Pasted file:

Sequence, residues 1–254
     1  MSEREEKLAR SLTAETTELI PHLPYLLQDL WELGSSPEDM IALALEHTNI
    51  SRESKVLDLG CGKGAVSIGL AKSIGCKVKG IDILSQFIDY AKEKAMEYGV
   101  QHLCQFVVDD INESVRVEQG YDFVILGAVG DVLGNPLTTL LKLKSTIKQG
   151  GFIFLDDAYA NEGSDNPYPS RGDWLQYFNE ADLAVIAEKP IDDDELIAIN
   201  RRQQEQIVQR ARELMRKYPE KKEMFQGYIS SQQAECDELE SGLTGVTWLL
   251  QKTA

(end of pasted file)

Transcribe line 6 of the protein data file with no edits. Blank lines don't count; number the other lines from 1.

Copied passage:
   201  RRQQEQIVQR ARELMRKYPE KKEMFQGYIS SQQAECDELE SGLTGVTWLL